Many consider their pets to be part of the family, so what happens to the pet after separation?
The law in Australia does not recognise pets as distinct from any other form of property and are considered ‘chattels’. As pets are not specifically mentioned in the Family Law Act 1975 they fall under the Court’s power to make Orders regarding property. The usual process is for the property pool of the parties to be established by agreeing upon valuations and determining how and in what percentage that property should be divided. This is where the lack of provisions in the Act for pets causes problems. How can someone possibly place a monetary value on a beloved dog or cat? Fortunately, the Court has acknowledged that pets should be treated differently to the set of collectable spoons, with Judge Harman stating in Downey & Beale that “one would hope, in this neoliberal world that we have not yet come to the point where even love and affection are commoditised”.
Typically, the court will look to the following factors:
- Who was the primary care-giver of the pet
- Who the pet’s name is registered under
- Who paid for the pet’s food and medical costs & afford their future expenses
- Who has appropriate accommodation for the pet
- Whether the pet was given as a gift to one of the parties
- Emotional attachment of each party and treatment of symptoms of mental illness
These factors are not necessarily weighted equally, with care of the pet being substantially more persuasive for the court than the pet merely being registered under a party’s name.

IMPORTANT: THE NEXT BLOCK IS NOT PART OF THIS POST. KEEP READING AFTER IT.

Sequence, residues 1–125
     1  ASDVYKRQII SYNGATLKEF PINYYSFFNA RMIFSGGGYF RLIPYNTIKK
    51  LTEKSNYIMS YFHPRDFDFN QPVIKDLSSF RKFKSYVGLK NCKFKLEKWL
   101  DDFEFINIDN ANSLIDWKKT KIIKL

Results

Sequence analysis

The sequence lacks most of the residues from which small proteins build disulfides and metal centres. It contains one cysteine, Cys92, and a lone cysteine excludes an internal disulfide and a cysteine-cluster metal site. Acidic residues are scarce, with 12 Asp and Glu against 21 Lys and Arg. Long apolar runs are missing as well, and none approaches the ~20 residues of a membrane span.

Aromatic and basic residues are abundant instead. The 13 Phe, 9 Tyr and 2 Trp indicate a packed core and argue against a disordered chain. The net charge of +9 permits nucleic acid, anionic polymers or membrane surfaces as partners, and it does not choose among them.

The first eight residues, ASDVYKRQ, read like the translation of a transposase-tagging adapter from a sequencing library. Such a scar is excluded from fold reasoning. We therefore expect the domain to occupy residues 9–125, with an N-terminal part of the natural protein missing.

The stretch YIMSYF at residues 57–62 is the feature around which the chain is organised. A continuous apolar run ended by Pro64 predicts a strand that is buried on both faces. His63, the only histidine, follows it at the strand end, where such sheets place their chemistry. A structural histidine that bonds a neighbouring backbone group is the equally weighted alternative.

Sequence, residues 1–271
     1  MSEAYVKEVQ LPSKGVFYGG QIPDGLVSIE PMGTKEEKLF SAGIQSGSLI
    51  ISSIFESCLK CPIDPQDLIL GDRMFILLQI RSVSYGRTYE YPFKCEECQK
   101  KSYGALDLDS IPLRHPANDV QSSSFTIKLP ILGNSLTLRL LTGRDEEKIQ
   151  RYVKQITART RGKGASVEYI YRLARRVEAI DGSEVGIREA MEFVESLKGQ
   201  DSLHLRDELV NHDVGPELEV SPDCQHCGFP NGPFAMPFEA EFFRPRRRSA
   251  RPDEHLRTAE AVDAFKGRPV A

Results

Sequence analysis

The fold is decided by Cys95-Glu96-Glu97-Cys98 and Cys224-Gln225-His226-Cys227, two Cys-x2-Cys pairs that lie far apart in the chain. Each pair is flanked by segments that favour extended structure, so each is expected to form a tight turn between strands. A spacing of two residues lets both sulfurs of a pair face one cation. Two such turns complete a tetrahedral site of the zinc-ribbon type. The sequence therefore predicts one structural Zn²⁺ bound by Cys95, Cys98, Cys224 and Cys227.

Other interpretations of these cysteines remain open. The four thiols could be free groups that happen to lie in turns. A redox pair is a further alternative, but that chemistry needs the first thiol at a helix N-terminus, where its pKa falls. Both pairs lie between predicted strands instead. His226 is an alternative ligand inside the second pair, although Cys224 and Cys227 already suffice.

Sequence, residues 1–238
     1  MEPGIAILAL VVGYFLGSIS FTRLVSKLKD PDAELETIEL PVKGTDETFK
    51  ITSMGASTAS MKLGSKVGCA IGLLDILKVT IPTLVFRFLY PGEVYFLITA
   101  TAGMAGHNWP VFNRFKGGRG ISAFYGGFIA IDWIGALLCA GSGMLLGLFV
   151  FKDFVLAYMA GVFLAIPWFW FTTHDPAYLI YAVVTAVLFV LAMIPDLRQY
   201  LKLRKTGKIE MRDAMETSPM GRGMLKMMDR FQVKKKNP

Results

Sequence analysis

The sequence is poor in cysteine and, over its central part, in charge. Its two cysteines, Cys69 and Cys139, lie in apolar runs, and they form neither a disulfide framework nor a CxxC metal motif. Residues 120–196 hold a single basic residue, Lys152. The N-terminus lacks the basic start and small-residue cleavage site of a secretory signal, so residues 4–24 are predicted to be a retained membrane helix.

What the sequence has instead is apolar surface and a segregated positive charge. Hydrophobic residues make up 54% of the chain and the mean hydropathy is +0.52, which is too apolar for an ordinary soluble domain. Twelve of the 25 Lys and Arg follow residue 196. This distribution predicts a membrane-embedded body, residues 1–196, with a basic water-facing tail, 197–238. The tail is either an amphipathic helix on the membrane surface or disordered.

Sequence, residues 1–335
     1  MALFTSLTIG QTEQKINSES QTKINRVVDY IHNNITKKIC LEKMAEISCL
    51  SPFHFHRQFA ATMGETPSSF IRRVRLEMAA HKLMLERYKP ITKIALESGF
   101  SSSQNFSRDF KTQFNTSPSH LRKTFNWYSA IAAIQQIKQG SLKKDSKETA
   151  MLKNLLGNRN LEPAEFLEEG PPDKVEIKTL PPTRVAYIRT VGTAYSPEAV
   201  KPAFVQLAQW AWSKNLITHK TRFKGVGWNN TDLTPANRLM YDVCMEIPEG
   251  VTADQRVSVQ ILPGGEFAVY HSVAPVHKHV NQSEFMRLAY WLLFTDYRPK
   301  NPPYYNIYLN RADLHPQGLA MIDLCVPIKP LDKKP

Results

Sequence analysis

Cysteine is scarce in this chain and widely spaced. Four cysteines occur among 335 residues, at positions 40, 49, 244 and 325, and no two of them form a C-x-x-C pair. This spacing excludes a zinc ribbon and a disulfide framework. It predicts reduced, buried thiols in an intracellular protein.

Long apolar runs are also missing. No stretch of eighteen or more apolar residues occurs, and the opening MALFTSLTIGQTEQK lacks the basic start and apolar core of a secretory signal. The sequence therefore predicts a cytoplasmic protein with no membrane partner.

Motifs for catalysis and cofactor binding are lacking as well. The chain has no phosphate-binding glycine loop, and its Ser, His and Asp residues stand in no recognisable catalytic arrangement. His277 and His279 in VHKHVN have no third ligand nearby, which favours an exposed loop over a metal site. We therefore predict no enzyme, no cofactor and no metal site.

Despite some not drawing a distinction between them, the Court cannot treat pets like children and use its power to determine custody of the pet, nor can it Order another party to help pay maintenance costs to assist with the pets living expenses. However, the Court has considered the relationship between children and their pets, and in appropriate circumstances made Orders for the care of a pet to be transferred at handover along with a child. The court has made such an allowance to comfort the child and reduce the stress and instability they experience in changing between residences. In Jarvis & Weston the court found that where an Order is made that a child live with only one of the parties the pet will follow the child.
Whilst the Court will not make maintenance Orders for pets as for children and spouses, in the case of Wacket & Wacket the Court provided that property settlements can be adjusted to reflect the ongoing cost of caring for the pet.
Due to the Court’s limited ability to make Orders regarding pets, it is often best that the parties make an independent agreement rather than leaving the fate of your pet up to the Judge.